Once restrained, Baden received treatment for exposure to the OC spray. Id. ECF No. 15-5 at p. 13. After he was examined by medical staff, Baden claims he was again assaulted, this time by Officer Levan and another officer who only identified himself as “Tattoo.”[3] Id. Baden maintains that these officers slammed his head on the concrete walkway in front of the medical building after he had asked them to stop pulling his arms in an “awkward and painful position.” Id.

         Photographs of Baden taken after the incident involving Clever show no obvious injuries but with a large stain on the front left leg of his pants. ECF No. 15-5 at p. 19. Baden requested to see a nurse “for [his] back.” ECF No. 15-6 at p. 2. The examining nurse noted that Baden was walking with a steady gait and was “in no acute distress.” Id. Examination of Baden's back was unremarkable. Id. The nurse also recorded that Baden did not complain of pain.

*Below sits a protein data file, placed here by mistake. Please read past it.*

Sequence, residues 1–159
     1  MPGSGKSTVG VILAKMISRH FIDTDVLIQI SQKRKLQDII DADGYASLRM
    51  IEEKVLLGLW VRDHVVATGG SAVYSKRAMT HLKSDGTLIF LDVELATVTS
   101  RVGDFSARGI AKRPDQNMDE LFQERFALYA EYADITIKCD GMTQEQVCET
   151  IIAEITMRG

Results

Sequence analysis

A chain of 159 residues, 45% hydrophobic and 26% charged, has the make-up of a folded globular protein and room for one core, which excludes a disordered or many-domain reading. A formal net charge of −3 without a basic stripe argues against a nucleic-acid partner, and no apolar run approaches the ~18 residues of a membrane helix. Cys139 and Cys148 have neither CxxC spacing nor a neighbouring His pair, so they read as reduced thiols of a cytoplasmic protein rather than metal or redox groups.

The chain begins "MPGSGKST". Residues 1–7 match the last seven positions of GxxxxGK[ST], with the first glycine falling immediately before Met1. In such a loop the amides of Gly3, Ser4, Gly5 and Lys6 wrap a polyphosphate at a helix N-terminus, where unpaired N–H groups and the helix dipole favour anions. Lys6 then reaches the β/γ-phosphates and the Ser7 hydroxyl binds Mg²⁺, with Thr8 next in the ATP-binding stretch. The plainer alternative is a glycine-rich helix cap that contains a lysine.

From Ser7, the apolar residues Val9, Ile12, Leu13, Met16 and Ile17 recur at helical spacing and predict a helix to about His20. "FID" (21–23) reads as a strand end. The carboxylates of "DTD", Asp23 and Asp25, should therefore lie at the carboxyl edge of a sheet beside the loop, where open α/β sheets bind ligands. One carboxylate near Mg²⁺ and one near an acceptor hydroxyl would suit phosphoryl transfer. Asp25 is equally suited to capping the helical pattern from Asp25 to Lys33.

As a result of this incident, Baden was charged with a violation of disciplinary rule 101, which prohibits assaulting a correctional officer. ECF No. 15-3 at p. 4. At a disciplinary hearing held on January 29, 2018, Baden admitted guilt to the charge and was sentenced to 180 days of segregation, revocation of 120 days of good conduct time, and indefinite loss of visitation. Id. at p. 9. Baden's adjustment history is noted as poor in an explanatory remark for the penalties imposed. Id. at p. 10, see also p. 3 (adjustment history). A related investigation found that Baden had assaulted Clever, but Clever declined to press charges. ECF No. 15-7 at pp. 2-5.

         As to the retaliation claim, Baden maintains that after he had filed a separate civil rights suit in this Court (Civil Action PX-17-2964), he was denied recreation, was served inedible food, suffered verbal and physical abuse, had his mail withheld, and was denied recreational time. Id. He alleges that these events have caused him to suffer from insomnia, physical and mental stress, and post-traumatic stress disorder (PTSD). Id.

         II. Standard of Review